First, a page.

countries have done.'' The reported bill (H.R. 2005) would do 
this and in such a way as to ensure that all families would be 
treated the same regardless of where a plane happened to crash.
    The reported bill amends the aviation laws in Title 49 to 
make clear that DOHSA does not apply in the case of aviation 
accidents. This change would apply to all pending cases if the 
court of original jurisdiction had not yet rendered a final 
decision. It would apply even if the court had rendered a 
decision on preliminary matters in the case, including the 
applicability of DOHSA, as long as the court had not rendered a 
final decision in the case. This change to Title 49 would 
effectively prevent others similarly situated to the family in 
the Zicherman case from being adversely affected by the 
decision in that case.
    The Committee believes that the retroactive nature of this 
legislation is fully justified under the Supreme Court's 
decision in Plaut v. Spendthrift Farm, Inc., 115 S.Ct. 1447 
(1995). In that case, the Court stated, at 1457, that ``[w]hen 
a new law makes clear that it is retroactive, an appellate 
court must apply that law in reviewing judgments still on 
appeal that were rendered before the law was enacted, and must 
alter the outcome accordingly.'' Therefore, the Committee would 
be justified in developing retroactive legislation that would 
have the effect of overturning final court decisions that were 
pending at the appellate level. However, the reported bill does 
not go that far. Rather it would only affect cases still 
pending in the District Court.
    In the Committee's view, the reported bill will help to 
ensure that families of airline accident victims will receive 
fair treatment under the law. The Committee continues to look 
at other areas of concern and may consider changes where 
problems arise.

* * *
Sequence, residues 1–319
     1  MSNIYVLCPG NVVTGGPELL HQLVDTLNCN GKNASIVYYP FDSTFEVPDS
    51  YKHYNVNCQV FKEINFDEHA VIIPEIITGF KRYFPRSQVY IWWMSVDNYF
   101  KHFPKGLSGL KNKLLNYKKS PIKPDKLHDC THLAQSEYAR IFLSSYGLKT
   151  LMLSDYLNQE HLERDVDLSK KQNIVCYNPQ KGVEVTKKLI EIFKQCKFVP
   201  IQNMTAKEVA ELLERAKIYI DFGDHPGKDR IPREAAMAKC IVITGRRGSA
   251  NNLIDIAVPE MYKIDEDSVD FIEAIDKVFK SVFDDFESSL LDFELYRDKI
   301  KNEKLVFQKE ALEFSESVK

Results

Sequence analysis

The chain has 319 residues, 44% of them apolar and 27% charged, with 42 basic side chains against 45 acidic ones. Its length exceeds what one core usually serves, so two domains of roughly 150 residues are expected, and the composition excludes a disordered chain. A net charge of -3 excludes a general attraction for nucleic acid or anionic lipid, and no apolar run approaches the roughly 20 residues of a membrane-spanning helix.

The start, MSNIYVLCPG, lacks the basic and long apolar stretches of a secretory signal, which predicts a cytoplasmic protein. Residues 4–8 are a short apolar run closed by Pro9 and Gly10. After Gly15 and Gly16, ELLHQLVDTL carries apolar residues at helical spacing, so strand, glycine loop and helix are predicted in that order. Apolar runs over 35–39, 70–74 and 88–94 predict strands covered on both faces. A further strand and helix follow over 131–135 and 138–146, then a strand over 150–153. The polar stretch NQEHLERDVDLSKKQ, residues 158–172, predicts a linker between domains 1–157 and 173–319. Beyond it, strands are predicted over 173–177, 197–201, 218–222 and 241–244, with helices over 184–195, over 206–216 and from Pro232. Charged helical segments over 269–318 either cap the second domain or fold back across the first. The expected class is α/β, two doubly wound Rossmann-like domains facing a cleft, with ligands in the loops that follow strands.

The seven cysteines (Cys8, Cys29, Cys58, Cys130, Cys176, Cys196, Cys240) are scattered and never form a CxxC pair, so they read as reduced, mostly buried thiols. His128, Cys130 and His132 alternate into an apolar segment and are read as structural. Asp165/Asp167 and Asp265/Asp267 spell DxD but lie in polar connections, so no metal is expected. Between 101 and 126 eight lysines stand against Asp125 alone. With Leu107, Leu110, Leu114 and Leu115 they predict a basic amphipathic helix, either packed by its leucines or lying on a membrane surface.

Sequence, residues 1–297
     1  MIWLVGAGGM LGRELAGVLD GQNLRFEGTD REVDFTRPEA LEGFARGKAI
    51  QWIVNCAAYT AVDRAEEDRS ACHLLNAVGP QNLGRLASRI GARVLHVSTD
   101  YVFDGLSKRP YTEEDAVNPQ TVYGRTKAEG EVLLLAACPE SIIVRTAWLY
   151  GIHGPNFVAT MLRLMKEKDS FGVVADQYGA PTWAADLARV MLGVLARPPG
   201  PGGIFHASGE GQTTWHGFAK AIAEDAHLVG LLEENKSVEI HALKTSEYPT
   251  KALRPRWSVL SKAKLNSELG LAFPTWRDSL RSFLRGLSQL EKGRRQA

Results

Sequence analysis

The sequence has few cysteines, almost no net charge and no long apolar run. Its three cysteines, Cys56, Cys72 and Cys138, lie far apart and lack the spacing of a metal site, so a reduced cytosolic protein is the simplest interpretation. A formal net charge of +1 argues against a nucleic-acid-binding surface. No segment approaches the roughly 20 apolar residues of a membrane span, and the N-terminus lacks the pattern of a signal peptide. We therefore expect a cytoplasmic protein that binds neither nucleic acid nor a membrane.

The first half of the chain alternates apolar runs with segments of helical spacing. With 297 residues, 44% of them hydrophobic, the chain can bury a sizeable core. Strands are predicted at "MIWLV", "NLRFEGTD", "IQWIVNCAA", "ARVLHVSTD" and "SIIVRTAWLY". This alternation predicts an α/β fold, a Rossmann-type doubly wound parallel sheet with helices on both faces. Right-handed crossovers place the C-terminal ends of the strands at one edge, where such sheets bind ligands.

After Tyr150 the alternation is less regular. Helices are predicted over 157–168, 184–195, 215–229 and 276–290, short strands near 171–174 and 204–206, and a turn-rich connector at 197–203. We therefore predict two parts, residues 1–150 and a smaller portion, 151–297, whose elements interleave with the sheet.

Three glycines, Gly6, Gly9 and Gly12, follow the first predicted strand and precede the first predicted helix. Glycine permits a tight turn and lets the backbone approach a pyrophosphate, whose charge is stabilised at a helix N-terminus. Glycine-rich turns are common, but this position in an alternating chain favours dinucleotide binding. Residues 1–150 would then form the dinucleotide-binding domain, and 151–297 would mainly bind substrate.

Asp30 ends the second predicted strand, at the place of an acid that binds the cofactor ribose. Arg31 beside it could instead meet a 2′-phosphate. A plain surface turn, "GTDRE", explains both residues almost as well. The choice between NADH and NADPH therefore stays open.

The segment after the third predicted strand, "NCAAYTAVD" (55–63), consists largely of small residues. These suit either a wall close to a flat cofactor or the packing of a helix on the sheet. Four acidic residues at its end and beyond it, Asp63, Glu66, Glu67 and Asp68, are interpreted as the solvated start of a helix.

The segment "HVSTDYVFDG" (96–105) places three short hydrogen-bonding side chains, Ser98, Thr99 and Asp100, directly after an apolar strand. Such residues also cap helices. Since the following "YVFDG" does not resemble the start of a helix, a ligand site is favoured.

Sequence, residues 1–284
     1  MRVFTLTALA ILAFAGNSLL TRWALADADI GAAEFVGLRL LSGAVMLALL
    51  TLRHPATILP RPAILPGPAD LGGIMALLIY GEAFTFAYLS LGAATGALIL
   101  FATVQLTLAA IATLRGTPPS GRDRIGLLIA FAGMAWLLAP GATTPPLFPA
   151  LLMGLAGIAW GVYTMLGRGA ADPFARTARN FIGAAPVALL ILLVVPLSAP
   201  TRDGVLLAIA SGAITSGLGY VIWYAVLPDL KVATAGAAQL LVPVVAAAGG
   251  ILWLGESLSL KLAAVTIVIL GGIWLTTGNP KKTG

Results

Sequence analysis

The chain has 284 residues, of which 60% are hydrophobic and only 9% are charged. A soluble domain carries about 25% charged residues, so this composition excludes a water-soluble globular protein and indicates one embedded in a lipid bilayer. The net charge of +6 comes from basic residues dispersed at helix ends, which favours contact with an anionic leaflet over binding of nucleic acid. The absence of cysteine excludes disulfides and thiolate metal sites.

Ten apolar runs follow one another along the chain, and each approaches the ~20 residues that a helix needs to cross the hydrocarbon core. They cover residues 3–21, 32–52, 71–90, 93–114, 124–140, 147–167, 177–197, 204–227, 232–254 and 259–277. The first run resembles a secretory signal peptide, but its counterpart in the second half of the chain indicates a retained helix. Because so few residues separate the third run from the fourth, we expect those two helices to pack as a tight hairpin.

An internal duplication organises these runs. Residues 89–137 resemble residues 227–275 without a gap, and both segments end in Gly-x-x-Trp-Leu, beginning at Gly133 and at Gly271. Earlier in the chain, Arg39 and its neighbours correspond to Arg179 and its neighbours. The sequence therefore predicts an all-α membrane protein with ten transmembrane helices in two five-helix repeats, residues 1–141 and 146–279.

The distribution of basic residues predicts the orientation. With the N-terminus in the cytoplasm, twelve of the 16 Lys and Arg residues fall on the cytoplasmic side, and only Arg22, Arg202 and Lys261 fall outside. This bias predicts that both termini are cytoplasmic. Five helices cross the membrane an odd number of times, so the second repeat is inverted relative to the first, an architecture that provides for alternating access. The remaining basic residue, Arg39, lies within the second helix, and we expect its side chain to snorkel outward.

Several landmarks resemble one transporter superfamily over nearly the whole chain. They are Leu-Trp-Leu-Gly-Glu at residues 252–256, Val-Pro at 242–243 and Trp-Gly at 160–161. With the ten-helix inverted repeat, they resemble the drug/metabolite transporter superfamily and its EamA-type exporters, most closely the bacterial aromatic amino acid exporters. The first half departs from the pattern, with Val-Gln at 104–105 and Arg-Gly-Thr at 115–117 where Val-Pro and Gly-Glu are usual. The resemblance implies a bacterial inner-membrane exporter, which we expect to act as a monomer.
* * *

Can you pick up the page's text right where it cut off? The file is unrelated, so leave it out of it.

One issue that was brought to our attention by House Report 
105-119, page 105, involves the financial responsibility for 
wreckage and victim recovery. According to that Report, 
following the passage of the Aviation Disaster Family 
Assistance Act, airline underwriters decided that the NTSB was 
responsible for these expenses. There is no basis for that 
determination in that law and therefore the Committee is not 
making any changes in it at this time. However, the Committee 
is interested in the report from the NTSB and Transportation 
Department called for in Report 105-119 and may consider 
changes in the law on this matter in the future if that appears 
necessary.

                       Section-by-Section Summary

Section 1.--Clarification amendment

    This section clarifies that courts should not look to the 
Death on the High Seas Act for the controlling law in lawsuits 
arising out of aviation crashes into the high seas.

Section 2.--Applicability

    This section states that the amendment made by section 1 
applies to cases pending in the lower courts on or before the 
date of enactment and to lawsuits filed after the date of 
enactment.

                    Hearings and Legislative History

    H.R. 2005 was introduced on June 20, 1997. The Subcommittee 
on Aviation held hearings on the issue of the applicability of 
Death on the High Seas Act on July 10, 1997.
    On July 10, 1997, the Subcommittee on Aviation reported the 
bill, with an amendment in the nature of a substitute offered